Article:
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Rambler 168 [Poetry debased by mean expressions]
by [?]

No. 168. Saturday, October 26, 1751.

–Decipit
Frons prima multos: rara mens intelligit,
Quod interiore condidit cura angulo.
PHAEDRUS, Lib. iv. Fab. i. 5.

The tinsel glitter, and the specious mien,
Delude the most; few pry behind the scene.

It has been observed by Boileau, that “a mean or common thought expressed in pompous diction, generally pleases more than a new or noble sentiment delivered in low and vulgar language; because the number is greater of those whom custom has enabled to judge of words, than whom study has qualified to examine things.” This solution might satisfy, if such only were offended with meanness of expression as are unable to distinguish propriety of thought, and to separate propositions or images from the vehicles by which they are conveyed to the understanding. But this kind of disgust is by no means confined to the ignorant or superficial; it operates uniformly and universally upon readers of all classes; every man, however profound or abstracted, perceives himself irresistibly alienated by low terms; they who profess the most zealous adherence to truth are forced to admit that she owes part of her charms to her ornaments; and loses much of her power over the soul, when she appears disgraced by a dress uncouth or ill-adjusted.

We are all offended by low terms, but are not disgusted alike by the same compositions, because we do not all agree to censure the same terms as low. No word is naturally or intrinsically meaner than another; our opinion therefore of words, as of other things arbitrarily and capriciously established, depends wholly upon accident and custom. The cottager thinks those apartments splendid and spacious, which an inhabitant of palaces will despise for their inelegance; and to him who has passed most of his hours with the delicate and polite, many expressions will seem sordid, which another, equally acute, may hear without offence; but a mean term never fails to displease him to whom it appears mean, as poverty is certainly and invariably despised, though he who is poor in the eyes of some, may, by others, be envied for his wealth.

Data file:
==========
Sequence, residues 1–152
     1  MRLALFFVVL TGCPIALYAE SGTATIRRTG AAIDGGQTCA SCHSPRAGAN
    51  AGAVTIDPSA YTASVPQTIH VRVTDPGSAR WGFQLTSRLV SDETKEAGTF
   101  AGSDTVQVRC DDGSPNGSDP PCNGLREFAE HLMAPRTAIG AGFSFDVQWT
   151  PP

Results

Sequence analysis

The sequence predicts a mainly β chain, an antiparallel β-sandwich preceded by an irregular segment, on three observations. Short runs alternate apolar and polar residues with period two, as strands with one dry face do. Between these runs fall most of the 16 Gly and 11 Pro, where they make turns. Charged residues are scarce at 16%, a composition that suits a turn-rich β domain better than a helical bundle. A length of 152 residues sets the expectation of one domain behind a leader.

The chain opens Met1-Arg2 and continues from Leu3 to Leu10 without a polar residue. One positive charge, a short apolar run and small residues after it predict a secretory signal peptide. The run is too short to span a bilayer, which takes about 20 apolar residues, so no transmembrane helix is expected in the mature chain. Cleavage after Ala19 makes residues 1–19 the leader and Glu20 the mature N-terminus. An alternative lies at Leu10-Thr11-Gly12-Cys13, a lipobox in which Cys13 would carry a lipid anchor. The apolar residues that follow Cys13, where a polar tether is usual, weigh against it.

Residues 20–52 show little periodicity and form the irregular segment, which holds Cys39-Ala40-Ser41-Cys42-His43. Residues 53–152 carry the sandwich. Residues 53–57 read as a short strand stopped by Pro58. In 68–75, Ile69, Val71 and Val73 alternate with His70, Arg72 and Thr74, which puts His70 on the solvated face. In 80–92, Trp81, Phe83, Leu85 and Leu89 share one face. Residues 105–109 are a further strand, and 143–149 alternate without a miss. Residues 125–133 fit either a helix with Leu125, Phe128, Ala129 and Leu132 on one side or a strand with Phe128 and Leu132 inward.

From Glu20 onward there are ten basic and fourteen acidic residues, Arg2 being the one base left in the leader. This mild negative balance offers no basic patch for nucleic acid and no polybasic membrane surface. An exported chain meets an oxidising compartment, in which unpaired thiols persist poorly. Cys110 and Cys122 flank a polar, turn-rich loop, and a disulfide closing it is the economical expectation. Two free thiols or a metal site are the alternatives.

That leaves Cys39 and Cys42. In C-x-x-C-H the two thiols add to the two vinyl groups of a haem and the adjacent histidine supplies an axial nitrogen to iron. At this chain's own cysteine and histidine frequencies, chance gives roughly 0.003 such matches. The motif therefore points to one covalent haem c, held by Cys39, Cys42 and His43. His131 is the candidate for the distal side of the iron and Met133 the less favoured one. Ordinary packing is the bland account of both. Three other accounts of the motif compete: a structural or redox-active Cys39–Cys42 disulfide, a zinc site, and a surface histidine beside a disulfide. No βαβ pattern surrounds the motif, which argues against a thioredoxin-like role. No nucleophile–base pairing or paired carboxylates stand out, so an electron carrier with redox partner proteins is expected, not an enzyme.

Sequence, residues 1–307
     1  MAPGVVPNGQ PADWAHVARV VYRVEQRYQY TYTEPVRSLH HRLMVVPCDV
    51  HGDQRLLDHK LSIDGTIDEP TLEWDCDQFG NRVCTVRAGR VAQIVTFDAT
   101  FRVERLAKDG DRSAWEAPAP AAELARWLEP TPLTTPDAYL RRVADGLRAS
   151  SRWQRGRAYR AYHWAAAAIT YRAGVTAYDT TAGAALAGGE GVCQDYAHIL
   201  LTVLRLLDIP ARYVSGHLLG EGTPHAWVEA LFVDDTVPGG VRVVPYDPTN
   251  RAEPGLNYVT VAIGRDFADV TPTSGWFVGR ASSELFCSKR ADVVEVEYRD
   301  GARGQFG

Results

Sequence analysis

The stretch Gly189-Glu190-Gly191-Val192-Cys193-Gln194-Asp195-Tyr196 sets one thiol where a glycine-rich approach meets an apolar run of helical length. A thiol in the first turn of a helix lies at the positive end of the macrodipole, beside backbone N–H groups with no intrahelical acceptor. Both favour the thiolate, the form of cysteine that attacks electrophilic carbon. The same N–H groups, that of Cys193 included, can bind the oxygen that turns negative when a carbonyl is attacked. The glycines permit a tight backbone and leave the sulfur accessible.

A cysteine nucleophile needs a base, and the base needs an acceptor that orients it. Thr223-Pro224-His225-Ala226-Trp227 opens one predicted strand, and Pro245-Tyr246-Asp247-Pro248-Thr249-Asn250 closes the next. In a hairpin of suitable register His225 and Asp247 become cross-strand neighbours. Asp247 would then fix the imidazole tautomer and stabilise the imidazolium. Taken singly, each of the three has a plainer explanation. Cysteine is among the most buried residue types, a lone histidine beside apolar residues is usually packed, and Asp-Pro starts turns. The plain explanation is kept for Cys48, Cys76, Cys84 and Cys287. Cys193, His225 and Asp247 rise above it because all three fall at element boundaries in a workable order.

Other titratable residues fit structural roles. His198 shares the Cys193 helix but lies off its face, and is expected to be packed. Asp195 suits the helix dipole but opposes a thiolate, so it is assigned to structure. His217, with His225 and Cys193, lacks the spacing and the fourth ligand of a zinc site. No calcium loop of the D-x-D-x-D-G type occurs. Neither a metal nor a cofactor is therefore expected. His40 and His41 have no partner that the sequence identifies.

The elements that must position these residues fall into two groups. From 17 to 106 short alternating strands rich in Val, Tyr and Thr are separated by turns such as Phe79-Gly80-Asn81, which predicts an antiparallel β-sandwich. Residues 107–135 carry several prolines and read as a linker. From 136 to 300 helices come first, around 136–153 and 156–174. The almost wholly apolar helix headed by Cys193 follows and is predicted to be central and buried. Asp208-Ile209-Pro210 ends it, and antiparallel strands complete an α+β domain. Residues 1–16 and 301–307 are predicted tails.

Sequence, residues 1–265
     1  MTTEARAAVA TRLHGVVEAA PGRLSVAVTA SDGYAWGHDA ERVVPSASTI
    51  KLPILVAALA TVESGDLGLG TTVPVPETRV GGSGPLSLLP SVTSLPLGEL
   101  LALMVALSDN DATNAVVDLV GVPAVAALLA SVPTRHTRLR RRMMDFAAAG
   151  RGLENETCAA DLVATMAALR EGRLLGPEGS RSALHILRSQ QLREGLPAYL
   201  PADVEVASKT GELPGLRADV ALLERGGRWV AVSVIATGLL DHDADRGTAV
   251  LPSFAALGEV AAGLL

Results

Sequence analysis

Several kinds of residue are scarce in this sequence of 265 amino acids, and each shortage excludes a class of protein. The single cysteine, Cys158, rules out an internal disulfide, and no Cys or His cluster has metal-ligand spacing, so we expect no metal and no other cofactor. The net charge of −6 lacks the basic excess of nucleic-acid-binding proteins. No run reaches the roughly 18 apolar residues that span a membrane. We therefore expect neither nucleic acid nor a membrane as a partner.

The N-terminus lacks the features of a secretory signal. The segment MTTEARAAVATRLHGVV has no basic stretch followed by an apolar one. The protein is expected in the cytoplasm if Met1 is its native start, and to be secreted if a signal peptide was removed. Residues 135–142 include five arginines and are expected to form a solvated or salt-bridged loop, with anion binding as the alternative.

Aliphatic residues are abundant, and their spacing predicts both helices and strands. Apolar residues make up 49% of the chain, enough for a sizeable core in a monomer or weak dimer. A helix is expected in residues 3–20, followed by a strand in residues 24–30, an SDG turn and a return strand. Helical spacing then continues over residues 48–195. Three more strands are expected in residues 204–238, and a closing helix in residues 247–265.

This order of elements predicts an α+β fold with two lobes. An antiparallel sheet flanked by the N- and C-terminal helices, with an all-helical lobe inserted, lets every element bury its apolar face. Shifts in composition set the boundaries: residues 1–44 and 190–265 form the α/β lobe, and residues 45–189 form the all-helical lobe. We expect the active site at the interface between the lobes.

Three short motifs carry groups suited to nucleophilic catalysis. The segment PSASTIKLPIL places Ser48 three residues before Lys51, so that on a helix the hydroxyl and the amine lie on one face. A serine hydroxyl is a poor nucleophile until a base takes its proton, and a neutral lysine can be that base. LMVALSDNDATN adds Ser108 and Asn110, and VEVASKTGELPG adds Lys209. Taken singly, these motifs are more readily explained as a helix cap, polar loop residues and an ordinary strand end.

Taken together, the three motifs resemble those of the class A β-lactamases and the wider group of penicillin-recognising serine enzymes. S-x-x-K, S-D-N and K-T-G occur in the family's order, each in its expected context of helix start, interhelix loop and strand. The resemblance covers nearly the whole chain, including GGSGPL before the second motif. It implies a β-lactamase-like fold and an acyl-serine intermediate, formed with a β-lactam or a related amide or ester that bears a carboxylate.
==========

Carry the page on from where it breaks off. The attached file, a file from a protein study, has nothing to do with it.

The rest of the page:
Words become low by the occasions to which they are applied, or the general character of them who use them; and the disgust which they produce, arises from the revival of those images with which they are commonly united. Thus if, in the most solemn discourse, a phrase happens to occur which has been successfully employed in some ludicrous narrative, the gravest auditor finds it difficult to refrain from laughter, when they who are not prepossessed by the same accidental association, are utterly unable to guess the reason of his merriment. Words which convey ideas of dignity in one age, are banished from elegant writing or conversation in another, because they are in time debased by vulgar mouths, and can be no longer heard without the involuntary recollection of unpleasing images.

When Macbeth is confirming himself in the horrid purpose of stabbing his king, he breaks out amidst his emotions into a wish natural to a murderer:

–Come, thick night!
And pall thee in the dunnest smoke of hell,
That my keen knife see not the wound it makes;
Nor heav’n peep through the blanket of the dark,
To cry, Hold! hold!–

In this passage is exerted all the force of poetry; that force which calls new powers into being, which embodies sentiment, and animates matter: yet, perhaps, scarce any man now peruses it without some disturbance of his attention from the counteraction of the words to the ideas. What can be more dreadful than to implore the presence of night, invested, not in common obscurity, but in the smoke of hell? Yet the efficacy of this invocation is destroyed by the insertion of an epithet now seldom heard but in the stable, and dun night may come or go without any other notice than contempt.